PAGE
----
The Battle in the Brain
Of the multiplicity of amazing and not-at-all amazing features that appear on the web, my hands-down favorite is RSA Animate. It’s never failed to please me. In a nutshell, the Royal Society of Arts in London invites authors and innovators to give short talks on new and challenging thinking. The talks are then given to animators who take the ideas and turn them into pictures, capturing short phrases that summarize what’s being said and the RSA produces a short YouTube video with the talk providing the voice-over for the animation. For some magical reason, it makes it so much easier to absorb the information. Sometimes, I wish I could RSA Animate a table conversation, or even a column or blog I’m reading. The visual and the aural interplay so beautifully.
My brother recently pointed out an RSA Animate where psychiatrist and writer Iain McGilchrist updates us on the left brain–right brain dichotomy (not as simple as was originally thought but still significant, in his view). Even though it’s from October 2011, it’s new to me, and it is likely new to you. McGilchrist says that a cultural increase in left-brain dominance has come at a great cost to empathy and attention to concrete detail. Our brains are at war with our world.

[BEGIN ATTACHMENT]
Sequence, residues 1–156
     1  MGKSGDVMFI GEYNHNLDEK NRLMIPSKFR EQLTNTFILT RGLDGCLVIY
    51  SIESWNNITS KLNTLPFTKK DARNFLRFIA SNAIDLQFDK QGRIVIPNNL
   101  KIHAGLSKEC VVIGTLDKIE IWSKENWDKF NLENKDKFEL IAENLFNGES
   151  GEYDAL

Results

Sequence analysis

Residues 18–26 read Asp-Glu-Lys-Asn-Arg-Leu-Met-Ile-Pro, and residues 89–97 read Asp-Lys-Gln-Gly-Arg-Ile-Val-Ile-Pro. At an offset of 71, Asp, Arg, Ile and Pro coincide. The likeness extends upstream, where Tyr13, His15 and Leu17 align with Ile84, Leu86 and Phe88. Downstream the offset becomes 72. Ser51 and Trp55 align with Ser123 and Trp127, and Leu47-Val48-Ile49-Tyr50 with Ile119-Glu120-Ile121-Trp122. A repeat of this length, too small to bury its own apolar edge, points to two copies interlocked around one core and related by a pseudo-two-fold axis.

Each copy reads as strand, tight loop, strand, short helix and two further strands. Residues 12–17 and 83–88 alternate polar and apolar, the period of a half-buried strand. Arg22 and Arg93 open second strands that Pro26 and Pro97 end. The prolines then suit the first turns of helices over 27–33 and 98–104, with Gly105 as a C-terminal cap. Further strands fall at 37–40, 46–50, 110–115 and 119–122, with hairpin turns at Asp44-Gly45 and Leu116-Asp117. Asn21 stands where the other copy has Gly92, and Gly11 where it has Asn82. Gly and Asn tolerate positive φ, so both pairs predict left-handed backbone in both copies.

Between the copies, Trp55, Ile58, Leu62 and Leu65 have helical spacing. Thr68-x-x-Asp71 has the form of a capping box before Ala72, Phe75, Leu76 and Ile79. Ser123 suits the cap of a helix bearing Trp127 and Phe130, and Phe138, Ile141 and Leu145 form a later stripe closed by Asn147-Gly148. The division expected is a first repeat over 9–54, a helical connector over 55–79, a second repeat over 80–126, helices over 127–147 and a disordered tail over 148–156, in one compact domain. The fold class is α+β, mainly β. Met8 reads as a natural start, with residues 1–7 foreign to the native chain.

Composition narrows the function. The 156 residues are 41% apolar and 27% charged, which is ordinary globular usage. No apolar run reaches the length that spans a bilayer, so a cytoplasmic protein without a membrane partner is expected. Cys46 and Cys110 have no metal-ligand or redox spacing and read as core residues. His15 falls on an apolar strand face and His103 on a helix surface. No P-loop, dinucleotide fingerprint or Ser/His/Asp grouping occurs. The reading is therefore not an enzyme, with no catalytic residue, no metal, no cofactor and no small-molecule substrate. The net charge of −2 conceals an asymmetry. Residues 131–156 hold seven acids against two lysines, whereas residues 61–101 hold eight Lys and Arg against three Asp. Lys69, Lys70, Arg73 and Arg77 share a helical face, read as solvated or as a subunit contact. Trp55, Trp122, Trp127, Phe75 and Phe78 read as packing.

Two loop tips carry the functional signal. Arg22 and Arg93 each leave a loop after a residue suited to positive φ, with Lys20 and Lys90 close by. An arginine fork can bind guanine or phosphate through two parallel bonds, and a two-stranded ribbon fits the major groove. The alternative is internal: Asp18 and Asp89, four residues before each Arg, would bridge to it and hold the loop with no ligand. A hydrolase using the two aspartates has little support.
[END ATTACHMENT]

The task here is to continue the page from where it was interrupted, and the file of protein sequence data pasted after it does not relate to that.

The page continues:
Whether McGilcrhist is absolutely spot on (a tip of the hat to the British source here) I can’t say. But his message has the ring of truth. What he has to say seems to bear on the need for mindfulness, awareness, kindness, and compassion—and more appreciation and celebration of the intuitive. This is the zeitgeist that is propelling the mindfulness movement, the social and emotional learning movement, the various empathy and compassion projects, the search for an economics based more on well-being than on pure accumulation and growth. It is the zeitgeist that brought Mindful.org into being and that is propelling our new print magazine, Mindful, which will be available next February.
I hope you enjoy this little video as much as I did.